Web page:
10. Glad to hear it, BSTs are a certainly a great first step into upgrading. The vixens look good too. If you get a hankering for more eps later on, I have placed 3 orders in the recent past for ES eyepieces from that Bresser display sale website and all have been delivered in an 'as new' state. You seriously would not be able to tell.
  11. Mmmm sodium! Actually, I like the effect. I have been wanting to stack a widefield background like this and then overlay the local foliage for a while, but cant seem to get the effort to attempt it! You have a bit of flame nebula in your first image too!
  12. My Grandfather (as a pro astronomer) Comet Hale-Bopp John Milky Way on a dark night's camping
  13. Thanks for the heads up on this, I was getting ready to go to bed with the moon so bright. Just nipped (operative word - its freezing here) out for a quick session. Not enough time to cool the scope properly, but still great views. GRS very noticeable and several bands visible in both hemispheres. I even successfully pushed the mag to x277 with a few good glimpses, but x169 gave the best overall views.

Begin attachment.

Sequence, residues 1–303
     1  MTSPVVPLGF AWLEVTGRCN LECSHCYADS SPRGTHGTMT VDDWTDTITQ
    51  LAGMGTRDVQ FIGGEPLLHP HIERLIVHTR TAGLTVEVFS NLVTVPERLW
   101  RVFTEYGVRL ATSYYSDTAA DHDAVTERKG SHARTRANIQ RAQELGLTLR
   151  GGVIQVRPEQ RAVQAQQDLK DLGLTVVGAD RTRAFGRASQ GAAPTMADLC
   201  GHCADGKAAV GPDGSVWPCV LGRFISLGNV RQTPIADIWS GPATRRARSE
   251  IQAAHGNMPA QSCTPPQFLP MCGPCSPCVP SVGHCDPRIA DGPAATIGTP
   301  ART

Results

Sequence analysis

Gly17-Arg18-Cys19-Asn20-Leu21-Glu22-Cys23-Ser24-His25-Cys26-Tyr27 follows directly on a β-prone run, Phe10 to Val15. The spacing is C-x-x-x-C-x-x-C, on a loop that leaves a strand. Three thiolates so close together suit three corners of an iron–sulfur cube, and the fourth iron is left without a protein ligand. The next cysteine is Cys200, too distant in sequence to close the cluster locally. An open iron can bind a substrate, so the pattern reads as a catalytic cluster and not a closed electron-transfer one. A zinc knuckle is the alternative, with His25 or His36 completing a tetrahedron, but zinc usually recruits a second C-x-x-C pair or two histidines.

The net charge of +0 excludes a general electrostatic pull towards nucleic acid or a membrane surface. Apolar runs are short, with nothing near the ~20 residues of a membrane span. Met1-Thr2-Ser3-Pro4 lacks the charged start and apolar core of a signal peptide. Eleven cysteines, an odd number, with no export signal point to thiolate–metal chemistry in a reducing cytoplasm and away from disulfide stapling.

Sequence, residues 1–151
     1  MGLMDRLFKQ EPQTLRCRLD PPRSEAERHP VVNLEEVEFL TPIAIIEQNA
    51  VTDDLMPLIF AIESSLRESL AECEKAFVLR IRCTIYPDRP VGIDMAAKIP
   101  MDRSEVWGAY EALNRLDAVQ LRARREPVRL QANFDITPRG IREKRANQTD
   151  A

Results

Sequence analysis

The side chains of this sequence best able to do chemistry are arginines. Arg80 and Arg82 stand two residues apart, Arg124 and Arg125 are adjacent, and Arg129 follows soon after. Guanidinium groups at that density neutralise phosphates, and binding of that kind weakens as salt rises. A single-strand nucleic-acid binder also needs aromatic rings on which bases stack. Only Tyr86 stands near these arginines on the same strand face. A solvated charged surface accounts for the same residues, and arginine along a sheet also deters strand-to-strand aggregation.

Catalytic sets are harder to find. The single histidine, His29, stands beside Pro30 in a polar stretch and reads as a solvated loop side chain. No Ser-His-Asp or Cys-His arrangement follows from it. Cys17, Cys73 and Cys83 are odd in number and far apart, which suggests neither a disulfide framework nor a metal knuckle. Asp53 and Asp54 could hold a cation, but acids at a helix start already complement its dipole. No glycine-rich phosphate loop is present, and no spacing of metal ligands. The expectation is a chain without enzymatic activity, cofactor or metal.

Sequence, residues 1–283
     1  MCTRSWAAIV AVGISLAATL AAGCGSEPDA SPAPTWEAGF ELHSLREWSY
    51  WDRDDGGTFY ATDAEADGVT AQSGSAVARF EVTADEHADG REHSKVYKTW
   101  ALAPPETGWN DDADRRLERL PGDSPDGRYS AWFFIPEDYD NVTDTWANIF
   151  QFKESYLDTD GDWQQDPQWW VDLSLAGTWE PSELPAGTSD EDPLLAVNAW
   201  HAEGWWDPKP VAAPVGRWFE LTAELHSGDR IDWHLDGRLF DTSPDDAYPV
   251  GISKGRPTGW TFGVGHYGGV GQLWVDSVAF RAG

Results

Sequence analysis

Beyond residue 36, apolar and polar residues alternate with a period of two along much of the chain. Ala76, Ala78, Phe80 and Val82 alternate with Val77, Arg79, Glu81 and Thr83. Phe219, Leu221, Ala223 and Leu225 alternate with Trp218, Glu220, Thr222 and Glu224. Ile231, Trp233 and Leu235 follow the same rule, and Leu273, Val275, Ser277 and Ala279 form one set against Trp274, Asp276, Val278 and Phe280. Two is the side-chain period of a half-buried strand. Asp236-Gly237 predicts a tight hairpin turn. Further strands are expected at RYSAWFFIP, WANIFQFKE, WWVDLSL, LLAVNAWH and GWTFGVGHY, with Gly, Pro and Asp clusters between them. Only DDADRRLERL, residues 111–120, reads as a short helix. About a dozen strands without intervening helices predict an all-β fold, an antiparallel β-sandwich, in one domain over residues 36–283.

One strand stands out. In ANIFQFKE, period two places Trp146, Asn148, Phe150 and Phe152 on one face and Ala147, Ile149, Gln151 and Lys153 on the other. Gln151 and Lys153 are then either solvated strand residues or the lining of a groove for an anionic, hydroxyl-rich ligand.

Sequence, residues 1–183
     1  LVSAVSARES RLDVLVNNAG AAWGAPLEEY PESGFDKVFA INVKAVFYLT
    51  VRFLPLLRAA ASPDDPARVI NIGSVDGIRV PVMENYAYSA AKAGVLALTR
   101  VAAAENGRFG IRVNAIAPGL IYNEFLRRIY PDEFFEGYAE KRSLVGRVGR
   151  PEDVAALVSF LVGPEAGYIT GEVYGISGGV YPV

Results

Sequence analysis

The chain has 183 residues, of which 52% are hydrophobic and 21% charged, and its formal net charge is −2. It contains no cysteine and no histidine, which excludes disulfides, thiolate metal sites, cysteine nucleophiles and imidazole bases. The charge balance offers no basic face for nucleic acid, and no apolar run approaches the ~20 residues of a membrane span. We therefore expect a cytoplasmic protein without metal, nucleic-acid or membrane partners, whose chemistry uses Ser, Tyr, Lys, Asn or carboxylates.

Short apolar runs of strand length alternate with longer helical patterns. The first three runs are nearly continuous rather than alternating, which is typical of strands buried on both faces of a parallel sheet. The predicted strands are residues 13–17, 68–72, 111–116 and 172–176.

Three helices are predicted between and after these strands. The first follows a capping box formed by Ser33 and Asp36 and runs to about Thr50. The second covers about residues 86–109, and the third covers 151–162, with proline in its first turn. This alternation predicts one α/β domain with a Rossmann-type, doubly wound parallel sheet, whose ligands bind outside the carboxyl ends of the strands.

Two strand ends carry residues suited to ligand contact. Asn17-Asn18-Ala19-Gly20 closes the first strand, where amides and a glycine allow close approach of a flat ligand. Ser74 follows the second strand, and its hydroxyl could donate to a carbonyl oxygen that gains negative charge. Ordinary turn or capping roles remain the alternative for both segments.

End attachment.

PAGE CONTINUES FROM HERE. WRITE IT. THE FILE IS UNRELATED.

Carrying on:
14. If your deal does not go through and you are willing to wait, 'display item' eyepieces are often added to this site. The ES 100° 20mm is *sometimes* for sale on this site for 275 Euros (+10 Euro delivery). I purchased one from here and am very happy with it - I haven't used my 24mm 82° Maxvision since. I have seen it on offer at least 3 times in the last 8 months. The ES 100° 20mm is my favourite eyepiece in my collection and great for DSOs. http://www.bresser.de/en/Sale/Display-Items/